Today, when building IoT network, many of us rely on WiFi or Bluetooth. But such wireless solutions are not adequate for all applications: the signal does not always reach where it's needed, and you may find yourself running into power issues (e.g., changing batteries all the time). You may realize that a "wired" solution is a better approach.
The Omzlo platform offers an easy way for makers to build an Arduino-compatible "wired" IoT network for their home and garden, using just a simple cable that provides CANbus networking and DC power.
An Omlzo network is composed of one or more nodes connected to a node manager, forming a chain. Each node is an Arduino-compatible device called "CANZero," which can be programmed using the familiar Arduino IDE and libraries. The node manager is composed of a Raspberry-Pi connected with a HAT (i.e., a shield) called the "PiMaster," which provides a web interface that enables users to manage their network. The following drawing illustrates the topology of this network.
Each "CANZero" node in the network can communicate with any other node in the network, using a simple "publish/subscribe" mechanism. For example, a first CANZero could be programmed to measure and report soil humidity, while the second CANZero would be programmed to activate the watering system depending on the values provided by the first node.
Users can write code and then upload the result to any CANZero node in the network through the web-interface provided by the "PiMaster" controller. As a consequence, there is no need for physical access to the node to program it. In fact, the nodes can be far away from the controller: we have tested the network over distances of 300 meters without any issue.
The Omzlo network requires a four-wire cable:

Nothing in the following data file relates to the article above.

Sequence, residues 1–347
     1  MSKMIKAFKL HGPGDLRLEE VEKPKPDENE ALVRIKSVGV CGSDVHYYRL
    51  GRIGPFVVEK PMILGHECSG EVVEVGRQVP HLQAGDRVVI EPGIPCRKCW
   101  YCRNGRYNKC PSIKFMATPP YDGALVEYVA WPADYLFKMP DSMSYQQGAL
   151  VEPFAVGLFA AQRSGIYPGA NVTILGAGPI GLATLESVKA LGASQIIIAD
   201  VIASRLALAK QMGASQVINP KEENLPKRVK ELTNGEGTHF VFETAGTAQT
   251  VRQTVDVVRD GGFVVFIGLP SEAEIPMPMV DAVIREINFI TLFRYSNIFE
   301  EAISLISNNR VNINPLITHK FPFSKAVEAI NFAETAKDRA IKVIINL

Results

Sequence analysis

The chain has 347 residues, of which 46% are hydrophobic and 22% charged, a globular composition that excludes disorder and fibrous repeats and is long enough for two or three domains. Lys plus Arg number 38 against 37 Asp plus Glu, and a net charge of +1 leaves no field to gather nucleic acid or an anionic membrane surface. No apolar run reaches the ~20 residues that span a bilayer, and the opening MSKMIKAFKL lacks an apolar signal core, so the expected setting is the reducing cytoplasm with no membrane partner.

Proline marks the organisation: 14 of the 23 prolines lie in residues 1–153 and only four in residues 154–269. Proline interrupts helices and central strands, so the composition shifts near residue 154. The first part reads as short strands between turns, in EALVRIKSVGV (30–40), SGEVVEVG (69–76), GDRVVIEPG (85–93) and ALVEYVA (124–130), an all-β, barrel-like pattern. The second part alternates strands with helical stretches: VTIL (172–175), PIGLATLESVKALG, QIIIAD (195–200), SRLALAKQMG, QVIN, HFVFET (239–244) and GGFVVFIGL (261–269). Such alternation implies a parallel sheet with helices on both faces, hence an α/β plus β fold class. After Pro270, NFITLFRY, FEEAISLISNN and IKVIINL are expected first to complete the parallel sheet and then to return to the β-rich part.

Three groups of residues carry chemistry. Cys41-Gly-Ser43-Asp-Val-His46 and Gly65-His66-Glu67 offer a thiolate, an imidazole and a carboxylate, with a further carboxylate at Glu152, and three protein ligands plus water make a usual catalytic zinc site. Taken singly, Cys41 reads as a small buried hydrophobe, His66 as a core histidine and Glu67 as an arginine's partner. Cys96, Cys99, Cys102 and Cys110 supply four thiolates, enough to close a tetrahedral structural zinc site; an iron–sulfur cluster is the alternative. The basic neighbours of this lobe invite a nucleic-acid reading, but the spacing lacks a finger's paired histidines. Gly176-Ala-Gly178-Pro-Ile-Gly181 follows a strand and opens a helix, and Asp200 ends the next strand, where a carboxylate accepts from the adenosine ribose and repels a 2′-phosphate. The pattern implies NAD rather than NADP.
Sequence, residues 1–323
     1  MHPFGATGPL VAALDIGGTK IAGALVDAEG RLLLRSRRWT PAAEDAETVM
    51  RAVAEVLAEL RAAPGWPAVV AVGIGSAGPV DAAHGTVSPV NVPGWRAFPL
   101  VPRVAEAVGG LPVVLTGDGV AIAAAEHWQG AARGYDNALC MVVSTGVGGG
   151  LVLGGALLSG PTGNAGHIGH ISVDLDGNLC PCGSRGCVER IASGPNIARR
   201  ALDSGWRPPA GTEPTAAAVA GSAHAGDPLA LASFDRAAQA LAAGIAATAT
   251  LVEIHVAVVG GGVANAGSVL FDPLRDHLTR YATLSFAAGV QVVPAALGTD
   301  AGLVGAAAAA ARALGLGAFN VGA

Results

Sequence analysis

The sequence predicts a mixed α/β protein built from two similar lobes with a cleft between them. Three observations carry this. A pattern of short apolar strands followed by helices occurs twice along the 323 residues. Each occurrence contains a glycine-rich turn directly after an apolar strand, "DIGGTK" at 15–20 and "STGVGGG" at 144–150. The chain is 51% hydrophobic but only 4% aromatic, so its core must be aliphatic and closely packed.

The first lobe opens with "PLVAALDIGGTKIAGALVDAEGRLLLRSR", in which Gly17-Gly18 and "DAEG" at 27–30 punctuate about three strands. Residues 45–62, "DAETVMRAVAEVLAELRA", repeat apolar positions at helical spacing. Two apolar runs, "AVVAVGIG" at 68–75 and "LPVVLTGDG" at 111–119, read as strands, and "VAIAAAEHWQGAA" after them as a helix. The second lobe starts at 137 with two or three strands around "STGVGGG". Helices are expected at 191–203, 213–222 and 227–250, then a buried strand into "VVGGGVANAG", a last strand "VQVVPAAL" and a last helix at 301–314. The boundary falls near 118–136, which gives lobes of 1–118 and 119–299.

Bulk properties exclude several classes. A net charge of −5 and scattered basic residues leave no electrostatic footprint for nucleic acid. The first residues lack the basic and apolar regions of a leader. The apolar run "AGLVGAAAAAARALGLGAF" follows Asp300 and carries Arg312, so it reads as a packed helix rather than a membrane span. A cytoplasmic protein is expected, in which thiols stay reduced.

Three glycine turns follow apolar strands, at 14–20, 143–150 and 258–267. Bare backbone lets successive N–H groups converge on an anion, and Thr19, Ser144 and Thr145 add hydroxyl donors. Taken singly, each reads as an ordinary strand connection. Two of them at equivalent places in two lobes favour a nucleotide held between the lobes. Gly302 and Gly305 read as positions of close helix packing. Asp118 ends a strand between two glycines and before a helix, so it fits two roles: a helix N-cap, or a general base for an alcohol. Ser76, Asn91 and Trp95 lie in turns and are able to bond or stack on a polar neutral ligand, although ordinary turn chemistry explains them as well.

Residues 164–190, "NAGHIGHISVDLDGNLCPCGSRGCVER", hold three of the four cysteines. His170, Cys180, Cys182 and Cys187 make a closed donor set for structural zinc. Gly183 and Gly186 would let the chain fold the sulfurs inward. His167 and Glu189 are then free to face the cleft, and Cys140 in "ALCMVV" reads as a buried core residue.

- Two wires for DC power, typically featuring 12V or 24V.
- Two wires for the CANbus differential signal.
The CANZero node is an Arduino-compatible board with similar characteristics to the Arduino Zero, with the addition of unique features necessary for networking. It notably features:
- A SAMD21G18, an ARM Cortex M0 microcontroller at 48Mhz.
- An STM32F042 microcontroller for network management.
- A step-down switching regulator providing 5V and 3.3V.
- A CANbus transceiver.
- 20 GPIOs pins (including I2C, SPI, serial and ADC/DAC)
The diagram below gives a simplified overview of the pinout of the CANZero.
Measuring 3.3cm by 5cm (1.3" by 2"), the CANZero is smaller than the classic Arduino and can fit in an electric junction box if necessary, as shown in the picture below.
The role of the STM32F042 is to free the main microcontroller (the SAMD21G18) from network management tasks. It can also "reset" the main microcontroller in case of an issue or to upload new code to the main microcontroller.
The PiMaster HAT
The "PiMaster" HAT (shield) connects to a RaspberryPi and a 12V to 24V power source. It has three roles:
- Power the Raspberry Pi by stepping down the 12V/24V to 5V.
- Inject power into the CANbus network, with monitoring providing automatic shutdown in case of overcurrent/short circuits.
- Act as a gateway between the CANbus network and the Raspberry Pi (using SPI).
The "PiMaster" features:
- an STM32F042 microcontroller (an ARM Cortex M0 running at 48Mhz).
- A 5V step-down regulator for 2A max.
- A high-side smart switch (e.g., Infineon BTS5030).
- A CANbus transceiver.